If you don’t do this, you tend to get sucked into a vortex of messages and emails the next morning that can derail your entire day.
Now, how do you prioritize and tackle all that daily planning? Let’s jump in.
The 80/20 rule is the golden rule of prioritization for community professionals: 20% of your work will contribute to 80% of your results. What is that small portion of work that will have the most consequence for you? That’s where your priorities are. You can look at this quarterly, but you should also look at it daily. What is the one task on your list that will make the biggest impact? Carve out time for that before checking your email or doing anything else.
When laying out your tasks to complete, chunk tasks within the same project and complete them all together, so your brain isn’t split, especially among right- and left-brained tasks.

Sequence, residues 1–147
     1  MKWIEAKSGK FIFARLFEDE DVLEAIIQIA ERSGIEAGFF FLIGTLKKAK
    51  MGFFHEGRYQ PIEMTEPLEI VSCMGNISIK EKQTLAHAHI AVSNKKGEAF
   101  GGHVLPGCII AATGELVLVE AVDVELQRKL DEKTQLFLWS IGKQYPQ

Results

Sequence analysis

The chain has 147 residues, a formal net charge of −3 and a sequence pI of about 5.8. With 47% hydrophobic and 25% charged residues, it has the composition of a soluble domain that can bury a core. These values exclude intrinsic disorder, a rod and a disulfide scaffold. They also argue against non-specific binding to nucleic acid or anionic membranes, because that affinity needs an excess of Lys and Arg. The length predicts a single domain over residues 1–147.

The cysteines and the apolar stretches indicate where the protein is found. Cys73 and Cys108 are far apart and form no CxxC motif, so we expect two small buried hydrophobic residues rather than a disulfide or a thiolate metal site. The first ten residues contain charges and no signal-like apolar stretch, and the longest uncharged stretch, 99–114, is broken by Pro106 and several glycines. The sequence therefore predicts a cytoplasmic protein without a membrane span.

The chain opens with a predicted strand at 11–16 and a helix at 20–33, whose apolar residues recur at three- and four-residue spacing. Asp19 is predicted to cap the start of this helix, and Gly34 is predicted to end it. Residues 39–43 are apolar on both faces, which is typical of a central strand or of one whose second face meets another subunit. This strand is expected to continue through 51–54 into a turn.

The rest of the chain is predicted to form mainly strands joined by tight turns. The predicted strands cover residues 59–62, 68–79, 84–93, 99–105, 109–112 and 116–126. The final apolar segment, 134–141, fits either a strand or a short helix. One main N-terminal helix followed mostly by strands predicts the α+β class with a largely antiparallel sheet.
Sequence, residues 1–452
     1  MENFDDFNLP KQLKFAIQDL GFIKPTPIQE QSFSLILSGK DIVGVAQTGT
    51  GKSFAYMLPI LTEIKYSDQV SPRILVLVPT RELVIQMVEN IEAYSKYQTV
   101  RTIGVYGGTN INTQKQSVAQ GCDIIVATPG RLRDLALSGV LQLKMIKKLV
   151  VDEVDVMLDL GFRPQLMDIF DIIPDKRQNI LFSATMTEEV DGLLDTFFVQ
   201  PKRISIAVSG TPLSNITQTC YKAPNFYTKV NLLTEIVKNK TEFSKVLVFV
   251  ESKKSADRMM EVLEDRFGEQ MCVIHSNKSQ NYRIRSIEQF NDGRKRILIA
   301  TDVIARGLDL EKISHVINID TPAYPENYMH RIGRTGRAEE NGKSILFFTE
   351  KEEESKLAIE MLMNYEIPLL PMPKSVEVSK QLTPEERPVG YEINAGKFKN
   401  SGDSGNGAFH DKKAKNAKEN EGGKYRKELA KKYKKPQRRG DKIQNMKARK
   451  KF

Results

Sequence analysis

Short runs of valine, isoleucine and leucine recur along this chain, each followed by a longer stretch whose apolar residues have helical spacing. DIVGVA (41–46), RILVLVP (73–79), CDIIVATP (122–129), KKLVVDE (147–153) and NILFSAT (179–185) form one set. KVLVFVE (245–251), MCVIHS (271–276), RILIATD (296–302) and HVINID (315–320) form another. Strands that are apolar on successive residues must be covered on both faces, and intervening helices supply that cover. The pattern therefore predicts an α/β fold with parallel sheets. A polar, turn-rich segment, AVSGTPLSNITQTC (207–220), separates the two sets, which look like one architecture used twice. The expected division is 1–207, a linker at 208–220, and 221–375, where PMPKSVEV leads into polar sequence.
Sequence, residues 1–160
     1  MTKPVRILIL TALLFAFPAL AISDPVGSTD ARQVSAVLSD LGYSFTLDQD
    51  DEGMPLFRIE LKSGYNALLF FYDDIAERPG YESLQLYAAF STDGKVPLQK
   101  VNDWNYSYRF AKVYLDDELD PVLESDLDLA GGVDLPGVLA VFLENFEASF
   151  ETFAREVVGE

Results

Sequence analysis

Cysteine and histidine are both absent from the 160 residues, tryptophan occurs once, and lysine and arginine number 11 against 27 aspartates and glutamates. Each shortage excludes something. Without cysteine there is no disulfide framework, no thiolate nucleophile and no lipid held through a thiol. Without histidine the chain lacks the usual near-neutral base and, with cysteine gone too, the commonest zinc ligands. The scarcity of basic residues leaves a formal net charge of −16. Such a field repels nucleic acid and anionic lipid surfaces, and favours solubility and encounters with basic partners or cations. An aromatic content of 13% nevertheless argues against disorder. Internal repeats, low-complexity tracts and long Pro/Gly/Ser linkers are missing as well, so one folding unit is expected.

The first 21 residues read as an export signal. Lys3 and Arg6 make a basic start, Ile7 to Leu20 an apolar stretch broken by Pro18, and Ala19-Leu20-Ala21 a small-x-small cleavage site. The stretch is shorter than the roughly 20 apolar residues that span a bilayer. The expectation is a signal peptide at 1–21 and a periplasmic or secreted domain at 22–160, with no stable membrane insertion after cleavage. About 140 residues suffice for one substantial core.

For instance, if you are planning an AMA in your community, this project is going to take several intermediate steps to complete, from booking the “speaker” to creating an event page to sending out invites. All of those steps should be laid out before the project begins, but if you have more than one of those tasks to do in a day, do them together.
If tasks don’t fit under a clear project, it’s time to question why you’re doing that task. Four questions you should ask if a task doesn’t fit into a project deemed as important in your quarterly or weekly planning:
There are two types of projects: those in the planning stage (pre-execution) and those in the execution stage, where you are testing things and doing the day-to-day work.